Perennial, though commonly grown as an annual, hardy in USDA zones 9b to 11 but grown as an annual in 2 through 11. Prefers full sun to partial shade and average soil that drains well and is rich in organic material. In warm regions, benefits from afternoon shade during the hottest times of year. Grows between one and two feet tall, producing yellow and orange flowers as well as rarer blooms in pink or cream. Sometimes used in a topical ointment to treat cuts and scrapes. Petals of the blossoms used in salads, to flavor soup, and to color butter or cheese. Attracts butterflies.
Cardamom/green cardamom/true cardamom (Elettaria cardamomum)
Perennial hardy in USDA zones 10 to 13. Prefers partial shade; thrives in rich loamy soil that is slightly acidic, with a pH level between 6.1 and 6.6, and kept moist. Does not tolerate drought or temperatures below 35 degrees Fahrenheit. Grows between five and 10 feet high by its third year with lance-shaped leaves that can measure up to two feet, tiny purple, cream, yellow, or white flowers accented with yellow or red, and black, white, or red pods containing black seeds. Seeds taste sweet (like a mixture of ginger, clove, vanilla, mint, and citron) and are used to flavor beverages such as mulled wine, as part of Scandinavian pastries, and as a fragrance in perfumes; a part of traditional Indian cuisine included in desserts, teas, coffees, as a spice in masala, and to flavor a diverse array of dishes. Used to treat bug bites, snake bite, sore throat, oral infections, tuberculosis and other lung infections, stomach discomfort, and kidney problems. Some say it alleviates depression and works as an aphrodisiac.
Catnip/catwort/catswort/catmint (Nepeta cataria)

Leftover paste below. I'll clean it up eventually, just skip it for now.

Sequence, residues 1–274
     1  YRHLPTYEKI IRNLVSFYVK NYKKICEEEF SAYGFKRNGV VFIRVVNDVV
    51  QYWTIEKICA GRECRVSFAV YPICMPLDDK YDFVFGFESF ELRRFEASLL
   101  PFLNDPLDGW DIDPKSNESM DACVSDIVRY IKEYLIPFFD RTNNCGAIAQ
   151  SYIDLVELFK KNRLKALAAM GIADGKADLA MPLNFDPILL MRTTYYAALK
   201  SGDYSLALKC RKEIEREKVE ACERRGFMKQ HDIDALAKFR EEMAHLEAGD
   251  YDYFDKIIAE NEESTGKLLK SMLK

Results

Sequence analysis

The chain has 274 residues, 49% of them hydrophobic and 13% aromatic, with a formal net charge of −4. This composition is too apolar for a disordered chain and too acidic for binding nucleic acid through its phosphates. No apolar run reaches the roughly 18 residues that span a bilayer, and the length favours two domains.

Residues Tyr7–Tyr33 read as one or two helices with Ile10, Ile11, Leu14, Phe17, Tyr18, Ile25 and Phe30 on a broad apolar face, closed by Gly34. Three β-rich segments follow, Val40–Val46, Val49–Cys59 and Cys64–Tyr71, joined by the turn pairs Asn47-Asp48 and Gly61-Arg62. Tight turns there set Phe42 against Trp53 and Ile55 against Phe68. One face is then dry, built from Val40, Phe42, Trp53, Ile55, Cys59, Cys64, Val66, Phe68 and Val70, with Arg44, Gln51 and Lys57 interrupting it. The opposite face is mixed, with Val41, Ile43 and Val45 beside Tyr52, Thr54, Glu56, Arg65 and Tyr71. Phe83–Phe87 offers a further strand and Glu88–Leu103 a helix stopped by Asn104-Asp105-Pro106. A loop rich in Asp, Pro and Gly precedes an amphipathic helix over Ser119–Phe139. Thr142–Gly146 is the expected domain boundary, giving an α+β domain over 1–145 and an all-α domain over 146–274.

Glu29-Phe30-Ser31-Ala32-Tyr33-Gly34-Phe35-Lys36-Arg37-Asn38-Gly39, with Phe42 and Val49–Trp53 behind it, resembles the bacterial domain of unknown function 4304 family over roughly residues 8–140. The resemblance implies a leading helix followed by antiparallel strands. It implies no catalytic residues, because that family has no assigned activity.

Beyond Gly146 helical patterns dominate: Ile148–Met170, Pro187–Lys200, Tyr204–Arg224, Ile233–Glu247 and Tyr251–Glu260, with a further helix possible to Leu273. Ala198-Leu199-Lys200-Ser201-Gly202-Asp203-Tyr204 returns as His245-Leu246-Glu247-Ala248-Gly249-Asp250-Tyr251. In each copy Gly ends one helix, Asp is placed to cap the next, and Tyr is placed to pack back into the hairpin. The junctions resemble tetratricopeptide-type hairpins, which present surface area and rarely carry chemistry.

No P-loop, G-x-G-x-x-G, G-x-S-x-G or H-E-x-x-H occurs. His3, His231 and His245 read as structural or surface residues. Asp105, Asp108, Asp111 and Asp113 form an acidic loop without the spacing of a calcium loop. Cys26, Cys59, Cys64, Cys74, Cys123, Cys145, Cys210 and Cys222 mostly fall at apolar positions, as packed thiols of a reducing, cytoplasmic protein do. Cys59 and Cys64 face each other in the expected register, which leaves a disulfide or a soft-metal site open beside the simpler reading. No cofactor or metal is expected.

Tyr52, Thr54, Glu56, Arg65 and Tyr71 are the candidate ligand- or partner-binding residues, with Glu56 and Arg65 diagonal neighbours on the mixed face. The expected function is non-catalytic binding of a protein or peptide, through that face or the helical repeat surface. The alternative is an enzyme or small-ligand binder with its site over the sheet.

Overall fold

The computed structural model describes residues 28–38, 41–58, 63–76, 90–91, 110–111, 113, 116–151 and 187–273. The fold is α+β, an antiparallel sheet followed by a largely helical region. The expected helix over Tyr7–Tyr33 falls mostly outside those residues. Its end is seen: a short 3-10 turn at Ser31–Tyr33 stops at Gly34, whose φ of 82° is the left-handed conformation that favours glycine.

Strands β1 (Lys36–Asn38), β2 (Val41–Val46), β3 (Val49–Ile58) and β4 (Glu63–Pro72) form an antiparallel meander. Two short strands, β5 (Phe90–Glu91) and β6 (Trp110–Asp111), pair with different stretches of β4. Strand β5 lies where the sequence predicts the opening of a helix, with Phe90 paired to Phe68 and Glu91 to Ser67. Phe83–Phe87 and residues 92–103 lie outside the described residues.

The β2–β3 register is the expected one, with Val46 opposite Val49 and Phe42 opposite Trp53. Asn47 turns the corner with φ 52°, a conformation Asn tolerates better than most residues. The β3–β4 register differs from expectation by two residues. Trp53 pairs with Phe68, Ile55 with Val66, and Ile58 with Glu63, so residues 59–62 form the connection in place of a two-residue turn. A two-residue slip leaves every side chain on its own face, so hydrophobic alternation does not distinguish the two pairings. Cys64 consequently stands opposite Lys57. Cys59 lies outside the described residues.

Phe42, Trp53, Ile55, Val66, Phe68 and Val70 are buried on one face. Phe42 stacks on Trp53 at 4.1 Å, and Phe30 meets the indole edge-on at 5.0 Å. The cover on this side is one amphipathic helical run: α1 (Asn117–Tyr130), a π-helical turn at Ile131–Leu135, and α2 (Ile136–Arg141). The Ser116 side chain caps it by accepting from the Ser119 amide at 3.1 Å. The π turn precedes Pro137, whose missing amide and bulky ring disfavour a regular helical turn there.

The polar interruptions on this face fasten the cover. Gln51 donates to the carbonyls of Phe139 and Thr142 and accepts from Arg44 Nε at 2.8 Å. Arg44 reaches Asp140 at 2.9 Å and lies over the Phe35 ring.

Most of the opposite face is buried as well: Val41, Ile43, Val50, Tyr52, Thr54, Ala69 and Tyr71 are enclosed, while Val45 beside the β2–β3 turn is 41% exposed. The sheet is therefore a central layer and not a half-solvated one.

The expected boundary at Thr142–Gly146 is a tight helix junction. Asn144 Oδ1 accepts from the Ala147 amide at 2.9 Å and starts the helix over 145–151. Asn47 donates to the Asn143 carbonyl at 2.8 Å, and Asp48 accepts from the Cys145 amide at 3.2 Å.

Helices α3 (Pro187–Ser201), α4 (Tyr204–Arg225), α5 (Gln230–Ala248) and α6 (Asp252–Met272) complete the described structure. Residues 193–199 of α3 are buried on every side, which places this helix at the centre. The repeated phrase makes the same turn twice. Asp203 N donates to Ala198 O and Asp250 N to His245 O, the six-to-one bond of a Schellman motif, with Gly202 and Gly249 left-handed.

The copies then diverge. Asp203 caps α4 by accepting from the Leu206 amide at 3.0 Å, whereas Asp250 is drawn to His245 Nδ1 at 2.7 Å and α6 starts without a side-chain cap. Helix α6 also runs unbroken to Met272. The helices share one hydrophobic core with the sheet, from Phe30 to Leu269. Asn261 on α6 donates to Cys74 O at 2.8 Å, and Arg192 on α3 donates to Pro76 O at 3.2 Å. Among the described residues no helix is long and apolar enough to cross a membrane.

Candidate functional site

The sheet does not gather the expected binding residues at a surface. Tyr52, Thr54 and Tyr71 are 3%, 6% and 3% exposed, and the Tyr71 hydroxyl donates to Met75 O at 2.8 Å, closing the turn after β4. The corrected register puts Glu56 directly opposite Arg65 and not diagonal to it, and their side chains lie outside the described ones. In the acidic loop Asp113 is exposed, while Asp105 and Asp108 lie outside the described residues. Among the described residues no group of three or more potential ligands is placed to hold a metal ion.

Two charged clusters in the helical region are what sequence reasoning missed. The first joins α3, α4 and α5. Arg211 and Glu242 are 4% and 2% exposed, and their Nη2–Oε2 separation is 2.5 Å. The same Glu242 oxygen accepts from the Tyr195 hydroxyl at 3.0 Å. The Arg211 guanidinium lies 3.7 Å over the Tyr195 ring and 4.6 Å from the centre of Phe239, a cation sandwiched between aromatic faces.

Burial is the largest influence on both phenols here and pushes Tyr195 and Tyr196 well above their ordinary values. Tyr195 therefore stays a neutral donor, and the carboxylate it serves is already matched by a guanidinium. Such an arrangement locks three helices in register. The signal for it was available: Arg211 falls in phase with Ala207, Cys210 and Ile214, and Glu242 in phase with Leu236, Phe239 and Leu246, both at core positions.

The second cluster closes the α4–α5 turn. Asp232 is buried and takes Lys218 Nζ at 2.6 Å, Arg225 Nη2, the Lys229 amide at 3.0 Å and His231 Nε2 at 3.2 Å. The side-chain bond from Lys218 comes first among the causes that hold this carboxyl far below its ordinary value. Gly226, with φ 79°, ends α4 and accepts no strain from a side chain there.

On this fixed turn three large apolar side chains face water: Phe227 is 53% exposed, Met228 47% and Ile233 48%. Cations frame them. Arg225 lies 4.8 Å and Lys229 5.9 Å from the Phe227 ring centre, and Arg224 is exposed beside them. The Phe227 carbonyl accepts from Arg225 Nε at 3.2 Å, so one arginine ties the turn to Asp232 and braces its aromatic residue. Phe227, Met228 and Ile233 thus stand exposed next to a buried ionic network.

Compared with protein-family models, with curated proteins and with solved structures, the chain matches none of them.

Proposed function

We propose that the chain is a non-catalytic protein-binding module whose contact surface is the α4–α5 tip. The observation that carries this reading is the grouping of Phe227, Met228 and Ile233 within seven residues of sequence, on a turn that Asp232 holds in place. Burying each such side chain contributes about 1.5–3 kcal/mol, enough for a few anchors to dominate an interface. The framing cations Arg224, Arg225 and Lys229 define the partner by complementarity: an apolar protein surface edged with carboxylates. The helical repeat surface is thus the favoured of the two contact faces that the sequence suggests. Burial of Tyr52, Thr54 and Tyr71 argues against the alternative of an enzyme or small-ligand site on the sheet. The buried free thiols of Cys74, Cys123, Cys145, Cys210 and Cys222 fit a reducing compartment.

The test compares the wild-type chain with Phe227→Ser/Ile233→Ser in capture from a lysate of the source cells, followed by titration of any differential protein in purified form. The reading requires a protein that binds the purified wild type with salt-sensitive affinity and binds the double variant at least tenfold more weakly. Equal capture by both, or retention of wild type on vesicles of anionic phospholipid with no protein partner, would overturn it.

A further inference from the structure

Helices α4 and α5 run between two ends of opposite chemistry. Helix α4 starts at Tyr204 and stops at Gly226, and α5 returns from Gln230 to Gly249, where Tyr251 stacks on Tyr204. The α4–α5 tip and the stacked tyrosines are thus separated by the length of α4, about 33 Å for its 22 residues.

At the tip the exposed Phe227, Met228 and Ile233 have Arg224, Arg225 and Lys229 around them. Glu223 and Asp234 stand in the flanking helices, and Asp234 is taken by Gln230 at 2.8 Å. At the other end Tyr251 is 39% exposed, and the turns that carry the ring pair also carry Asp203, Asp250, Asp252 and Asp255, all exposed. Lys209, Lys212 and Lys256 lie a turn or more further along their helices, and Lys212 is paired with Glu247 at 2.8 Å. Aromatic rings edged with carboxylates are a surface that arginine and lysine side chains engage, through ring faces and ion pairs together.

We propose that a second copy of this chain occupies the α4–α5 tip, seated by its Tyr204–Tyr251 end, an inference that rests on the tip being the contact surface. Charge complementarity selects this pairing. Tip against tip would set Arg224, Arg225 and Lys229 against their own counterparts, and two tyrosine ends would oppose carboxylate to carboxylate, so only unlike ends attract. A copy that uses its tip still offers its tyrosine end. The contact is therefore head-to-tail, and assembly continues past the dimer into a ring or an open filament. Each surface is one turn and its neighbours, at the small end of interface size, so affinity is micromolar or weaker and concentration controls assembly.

Perennial hardy in USDA zones 3 through 10. Prefers full sun to partial shade and somewhat rich loamy or sandy soil that has plenty of drainage, with a pH level between 6.1 and 7.8. Tolerant of drought. Grows between three and four feet tall with pale green feathery foliage and white or lavender blossoms; some species are invasive. Member of the mint family and a natural mosquito repellent. When consumed by cats, acts as a sedative; when smelled by cats, results in a psychoactive effect—use by cats is harmless and nonaddictive. Deer resistant; attracts bees, butterflies, and birds. Leaves are used in tea to treat coughs, and oil made from the plant soothes headache, anxiety, and nervousness. Treats gastric discomfort, arthritis, fevers, viruses, and hives; induces menstruation; works as a sleep aid and diuretic; encourages appetite; functions as a sedative. Smoking dried leaves soothes respiratory illness, or leaves can be used topically in a poultice or juice to relieve swelling. Candied leaves are used in desserts; leaves and shoots taste grassy, like a cross between pennyroyal and mint, and are used to flavor sauces, soup, or stew and to flavor wine and liquor.